As Eco-Tourism Grows, Struggle for Cultural Identity Remains
Travel Blog • Joanna Kakissis • 12.30.08 | 1:08 PM ET
In places heavy with history and natural beauty, eco-tourism often comes deeply infused with nostalgia. Consider the 300-year-old Aspros Potamos cottages in eastern Crete, where goatherds once spent wintry nights as their flocks grazed along the mountain gorge. An Athenian journalist rescued the cottages from dilapidation in 1985 and turned them into simple, solar-powered lodges for those who want to commune with nature and a disappearing culture.
This time of year, you may find young Greeks on winter holiday there, gathered around a communal campfire and singing their grandparents’ favorite folk songs. It’s as much an appreciation of Crete’s fragile natural beauty as an exercise in identity.
A couple of summers ago, I visited Aspros Potamos (which translates as “White River” for a stream that dried up years before) and learned from Aleka Halkia, the aforementioned journalist, just how hard it was to get this venture off the ground. First, she had to fight the behemoth that is traditional big-money corporate tourism in the Mediterranean, which lures municipalities with promises of jobs but also drains the area’s resources and Disney-fies its culture. Then she had to fight off local developers and politicians for the right to preserve the cottages and run a sustainable operation.
No one thought she would make it—tourists want TVs and beaches, they told her, not oil lamps and mountain hikes—but 23 years later, Aspros Potamos (now run by her daughter and son-in-law) is flourishing. Eco-lodges are now the rage, and so is a back-to-basics sense of culture. “The idea finally found its time,” Halkia had told me.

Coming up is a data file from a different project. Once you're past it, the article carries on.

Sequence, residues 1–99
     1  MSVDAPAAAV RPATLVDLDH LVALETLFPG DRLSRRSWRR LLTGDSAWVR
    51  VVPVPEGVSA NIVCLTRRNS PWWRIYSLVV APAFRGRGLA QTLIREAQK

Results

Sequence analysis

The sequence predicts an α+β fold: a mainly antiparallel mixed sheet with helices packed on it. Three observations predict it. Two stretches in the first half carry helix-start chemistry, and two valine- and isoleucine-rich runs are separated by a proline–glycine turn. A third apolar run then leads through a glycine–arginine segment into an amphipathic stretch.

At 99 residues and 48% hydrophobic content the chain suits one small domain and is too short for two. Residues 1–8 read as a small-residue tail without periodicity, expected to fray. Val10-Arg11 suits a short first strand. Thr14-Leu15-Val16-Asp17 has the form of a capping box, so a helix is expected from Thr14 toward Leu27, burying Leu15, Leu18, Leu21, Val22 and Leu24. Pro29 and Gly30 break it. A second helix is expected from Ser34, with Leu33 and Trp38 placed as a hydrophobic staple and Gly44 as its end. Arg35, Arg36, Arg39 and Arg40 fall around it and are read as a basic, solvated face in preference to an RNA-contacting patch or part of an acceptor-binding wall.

But eco-tourism is becoming a big business, which, like any mass operation, can still strain local culture. Don’t get me wrong—sustainable land management, renewable energy and energy-efficient lodges are all wonderful additions to the tourism world, but even the most well-intentioned, eco-friendly operation that turns large-scale can degrade the environment and blanch the culture.
Cultural preservation fueled a years-long battle between Native Hawaiians on the island of Molokai and a group of off-island investors who wanted to turn a western portion of the island into a green development that included conserving 26,000 acres of land, resurrecting a depressed neighborhood and adding jobs. The catch: The venture would be largely financed by building 200 luxury homes along the beach.
The locals who live in a place that proclaims itself “the most Hawaiian island” stalled the plan in part because even a development that offered a sustainable future and a renewed economy for the island risked retaining Molokai’s “pono”—the Hawaiian idea for something that is honorable and “in balance.”
I tend to believe that “pono” in any eco-tourism context can only be achieved by small-scale ventures that nurture both the land and the community. But in this age of globalization, I don’t know if locals can ultimately prevail over the internationalists.